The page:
Perspectives From A Globetrotting Actuary
By: Mike Sze
International actuarial consulting is bringing first world actuarial practices to the four corners of the earth and applying them according to the needs of individual recipient countries.
How I Got Started
“Mike, would you be interested in providing two weeks of actuarial training in Kazakhstan?”
“Where is Kazakhstan? Is it safe?”
“It is the ninth largest country in the world area-wise, next to Xinjiang in China, on the ancient Silk Road. And yes, it is safe.”
“Okay, I’ll go, if I can go through China and the Silk Road.”
The NGO agreed. I went through China to Almaty, the former capital and largest city of Kazakhstan. I was totally impressed with the city, the culture, the snow-capped mountains in its backyard, and, most of all, my actuarial students. They were smart, friendly, hardworking, motivated. Thanks to USAID funding, my two weeks turned into seven years! From 1999 to 2006, I was to return to Kazakhstan to teach an actuarial training program I designed, about twice a year, three weeks each time, for the next seven years.
Concurrent with my training project in Kazakhstan, I accepted consulting and training assignments in Bhutan, Bulgaria, Egypt, India, China, Serbia, and Indonesia.
What It Takes
You need to be flexible and always expect the unexpected. Every country and its people present different challenges, with their own constraints and preferences. A consultant may have done his/her homework well – having made a thorough study of the country, its geography, economics, population, and the topics related to the assignment. However, be prepared for unexpected requests.
The Biggest Challenge
Politics is easily the biggest challenge. Many of the NGOs are profit-oriented.
Many donors have the intention of using foreign aid to buy influence in the donee country. As such, they are keen on ‘success stories,’ rather than actual benefits to the countries receiving the aid.
Some recipient countries have a different political agenda too. They may be more interested in receiving financial help and going on ‘study tours’ than the actual acquisition of knowledge and technology. Where the political agenda runs in conflict with the consultant’s better judgment, the consultant has the difficult choice of maintaining professional integrity and walking away from an assignment, or compromising his principles in order to maintain a good working relationship with all concerned.
The Kazakhstan ‘Success Story’ (No Tongue In Cheek)
Kazakhstan is a rapidly developing country. Since the early ’90s, the country has embraced a market economy. To develop a market economy, it needed to develop pension and insurance systems. To develop pension and insurance systems, actuaries were needed. Up until the late ’90s, there were no actuaries in Kazakhstan. Actuaries were needed urgently.
While I was in Kazakhstan during my initial mission in November 1999, there were discussions of introducing legislation requiring actuarial certification of all insurance reports by 2002. A rigorous schedule to produce qualified actuaries was in order. Knowing that it was impossible to produce fully qualified actuaries according to international standards in two years, we made the compromise of establishing interim actuarial qualifications with a requirement for successive improvement until international standards were reached in future years.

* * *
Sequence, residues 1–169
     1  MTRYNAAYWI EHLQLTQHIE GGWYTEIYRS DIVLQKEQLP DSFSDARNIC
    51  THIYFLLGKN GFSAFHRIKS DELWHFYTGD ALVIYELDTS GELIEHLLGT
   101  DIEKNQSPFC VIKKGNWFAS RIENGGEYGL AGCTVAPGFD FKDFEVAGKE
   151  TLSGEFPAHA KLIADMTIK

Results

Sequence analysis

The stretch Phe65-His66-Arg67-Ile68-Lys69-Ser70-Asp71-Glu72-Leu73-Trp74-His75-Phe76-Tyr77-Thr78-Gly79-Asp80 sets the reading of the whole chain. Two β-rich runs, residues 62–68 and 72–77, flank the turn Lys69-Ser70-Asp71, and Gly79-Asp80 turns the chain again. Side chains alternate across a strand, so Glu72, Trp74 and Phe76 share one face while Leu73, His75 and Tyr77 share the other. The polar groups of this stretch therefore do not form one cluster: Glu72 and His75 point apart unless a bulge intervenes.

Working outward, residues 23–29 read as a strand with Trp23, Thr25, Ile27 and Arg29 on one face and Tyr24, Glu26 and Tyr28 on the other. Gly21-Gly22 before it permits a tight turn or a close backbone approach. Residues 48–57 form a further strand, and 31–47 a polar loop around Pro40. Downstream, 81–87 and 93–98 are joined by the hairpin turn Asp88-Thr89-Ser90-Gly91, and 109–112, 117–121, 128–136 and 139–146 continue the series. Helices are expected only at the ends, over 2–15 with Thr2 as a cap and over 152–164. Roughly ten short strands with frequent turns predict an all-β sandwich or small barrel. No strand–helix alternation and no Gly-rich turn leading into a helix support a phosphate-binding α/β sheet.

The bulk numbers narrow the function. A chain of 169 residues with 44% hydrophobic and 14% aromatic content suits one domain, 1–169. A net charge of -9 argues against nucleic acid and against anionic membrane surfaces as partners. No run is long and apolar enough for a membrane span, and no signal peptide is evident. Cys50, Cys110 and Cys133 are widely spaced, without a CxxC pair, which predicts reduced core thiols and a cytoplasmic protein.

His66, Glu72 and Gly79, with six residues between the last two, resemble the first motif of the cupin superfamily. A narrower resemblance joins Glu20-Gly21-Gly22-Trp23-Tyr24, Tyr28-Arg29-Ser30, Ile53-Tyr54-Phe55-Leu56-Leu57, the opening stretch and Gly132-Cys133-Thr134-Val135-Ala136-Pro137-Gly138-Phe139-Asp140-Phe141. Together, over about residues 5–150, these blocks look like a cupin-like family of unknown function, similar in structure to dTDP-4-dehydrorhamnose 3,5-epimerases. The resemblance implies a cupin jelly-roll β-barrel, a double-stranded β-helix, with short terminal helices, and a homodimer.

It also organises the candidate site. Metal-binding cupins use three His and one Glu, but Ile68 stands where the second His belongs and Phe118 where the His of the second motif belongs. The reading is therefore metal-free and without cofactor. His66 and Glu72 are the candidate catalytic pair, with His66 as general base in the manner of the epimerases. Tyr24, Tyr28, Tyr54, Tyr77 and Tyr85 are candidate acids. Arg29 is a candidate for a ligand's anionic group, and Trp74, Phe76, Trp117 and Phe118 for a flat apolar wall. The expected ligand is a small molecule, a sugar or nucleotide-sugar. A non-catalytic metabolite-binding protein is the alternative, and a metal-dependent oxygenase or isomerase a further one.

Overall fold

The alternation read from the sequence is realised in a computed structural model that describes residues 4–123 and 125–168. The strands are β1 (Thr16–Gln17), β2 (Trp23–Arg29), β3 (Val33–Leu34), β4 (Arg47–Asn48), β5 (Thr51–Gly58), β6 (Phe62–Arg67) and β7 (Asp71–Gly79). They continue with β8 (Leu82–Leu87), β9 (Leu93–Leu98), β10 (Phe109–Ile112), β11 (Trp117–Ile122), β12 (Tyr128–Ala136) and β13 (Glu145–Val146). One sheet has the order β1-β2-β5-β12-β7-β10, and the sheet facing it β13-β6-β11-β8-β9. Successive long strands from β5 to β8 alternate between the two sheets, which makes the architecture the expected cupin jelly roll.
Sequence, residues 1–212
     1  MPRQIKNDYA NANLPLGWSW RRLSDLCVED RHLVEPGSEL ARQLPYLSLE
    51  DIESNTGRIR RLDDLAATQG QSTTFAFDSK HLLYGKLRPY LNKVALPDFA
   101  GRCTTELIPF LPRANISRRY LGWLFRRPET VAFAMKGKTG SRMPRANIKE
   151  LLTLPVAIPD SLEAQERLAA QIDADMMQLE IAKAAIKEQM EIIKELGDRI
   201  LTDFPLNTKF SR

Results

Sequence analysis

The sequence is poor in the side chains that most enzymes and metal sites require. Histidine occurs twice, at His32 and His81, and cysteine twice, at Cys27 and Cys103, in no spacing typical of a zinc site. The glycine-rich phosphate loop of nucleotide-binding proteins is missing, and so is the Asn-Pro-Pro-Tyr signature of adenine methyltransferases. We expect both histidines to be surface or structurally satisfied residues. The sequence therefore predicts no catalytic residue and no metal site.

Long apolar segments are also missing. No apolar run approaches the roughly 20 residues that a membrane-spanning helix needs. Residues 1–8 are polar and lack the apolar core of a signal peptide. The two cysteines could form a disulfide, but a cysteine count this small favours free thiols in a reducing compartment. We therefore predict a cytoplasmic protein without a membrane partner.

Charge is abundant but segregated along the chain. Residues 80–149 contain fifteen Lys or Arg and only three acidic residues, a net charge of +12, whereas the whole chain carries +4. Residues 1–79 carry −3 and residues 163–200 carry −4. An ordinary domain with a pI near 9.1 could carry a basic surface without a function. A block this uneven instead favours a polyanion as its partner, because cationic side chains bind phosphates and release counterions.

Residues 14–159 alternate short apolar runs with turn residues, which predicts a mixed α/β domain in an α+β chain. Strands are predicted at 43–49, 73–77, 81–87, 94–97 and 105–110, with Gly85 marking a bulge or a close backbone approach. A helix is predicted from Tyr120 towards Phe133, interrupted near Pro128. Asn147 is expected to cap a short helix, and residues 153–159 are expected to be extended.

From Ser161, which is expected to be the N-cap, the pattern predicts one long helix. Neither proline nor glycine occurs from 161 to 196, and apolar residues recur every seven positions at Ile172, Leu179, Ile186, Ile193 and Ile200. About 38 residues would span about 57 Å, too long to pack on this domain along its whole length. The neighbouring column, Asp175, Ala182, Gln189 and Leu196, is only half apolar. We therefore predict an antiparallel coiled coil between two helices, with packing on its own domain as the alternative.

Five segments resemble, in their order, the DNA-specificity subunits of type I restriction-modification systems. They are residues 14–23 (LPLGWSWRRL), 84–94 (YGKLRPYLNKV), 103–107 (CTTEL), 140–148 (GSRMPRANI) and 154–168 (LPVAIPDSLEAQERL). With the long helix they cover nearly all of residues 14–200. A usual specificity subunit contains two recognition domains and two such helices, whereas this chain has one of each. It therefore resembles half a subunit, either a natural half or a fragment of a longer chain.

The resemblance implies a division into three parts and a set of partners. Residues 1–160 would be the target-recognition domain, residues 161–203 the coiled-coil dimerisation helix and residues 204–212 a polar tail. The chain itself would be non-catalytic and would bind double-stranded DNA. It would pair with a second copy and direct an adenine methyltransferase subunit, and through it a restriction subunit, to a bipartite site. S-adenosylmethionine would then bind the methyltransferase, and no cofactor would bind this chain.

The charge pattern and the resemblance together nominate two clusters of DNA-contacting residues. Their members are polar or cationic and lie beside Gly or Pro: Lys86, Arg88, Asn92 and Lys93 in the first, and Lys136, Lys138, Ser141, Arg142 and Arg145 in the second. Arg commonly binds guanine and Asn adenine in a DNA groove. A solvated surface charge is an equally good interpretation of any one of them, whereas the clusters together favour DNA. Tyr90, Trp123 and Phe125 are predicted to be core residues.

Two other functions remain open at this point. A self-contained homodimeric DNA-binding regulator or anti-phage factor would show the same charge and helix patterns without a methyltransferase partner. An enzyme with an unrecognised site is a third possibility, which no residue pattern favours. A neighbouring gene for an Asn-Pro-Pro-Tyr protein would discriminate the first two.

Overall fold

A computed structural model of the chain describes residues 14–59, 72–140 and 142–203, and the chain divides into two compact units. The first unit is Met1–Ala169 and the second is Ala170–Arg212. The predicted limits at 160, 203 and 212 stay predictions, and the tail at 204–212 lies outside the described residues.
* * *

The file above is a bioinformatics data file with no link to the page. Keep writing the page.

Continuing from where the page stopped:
Six courses were designed covering areas including basic actuarial mathematics and application of actuarial mathematics to insurance, pensions, and investments. Candidates passing the first two courses would be certified as qualified actuaries. However, their licence would be subject to renewal every three years until they had passed all six courses.
Each course was very intensive, taught over three six-day weeks. There were two lectures in the morning each day, with a tutorial and a test each afternoon. The first time Course 1 was offered in 2000, 40 students signed up. All students had strong mathematical backgrounds. Some had PhD degrees in mathematics or other sciences.
Because employers were not aware of the difficulty of the program, they were reluctant to provide study time. The students generally had to take the course the whole day and return to their office to work their daytime job afterwards.
At the first test, two students passed out of 40. At the second test, the same two students passed. You would expect most of the class would not show up after that. Not so, for these are actuarial students in Kazakhstan. Thirty-eight students stayed to the end. Their scores gradually improved. Thirty-eight students took the final examination. Fourteen passed. The same students went on to Course 2, with a similar degree of success. By 2001, 14 candidates received their licences.
At present, there are more than 70 actuaries in Kazakhstan who have passed the fi rst two exams, and 17 have passed all six examinations. They are all well-respected in Kazakhstan. All of them have had job advancements in the last few years.
Even though the actuarial program in Kazakhstan is not completely up to international standards yet, the dedication and hard work of the actuaries in Kazakhstan will eventually raise it to that level. ■
Mike Sze is a consulting actuary
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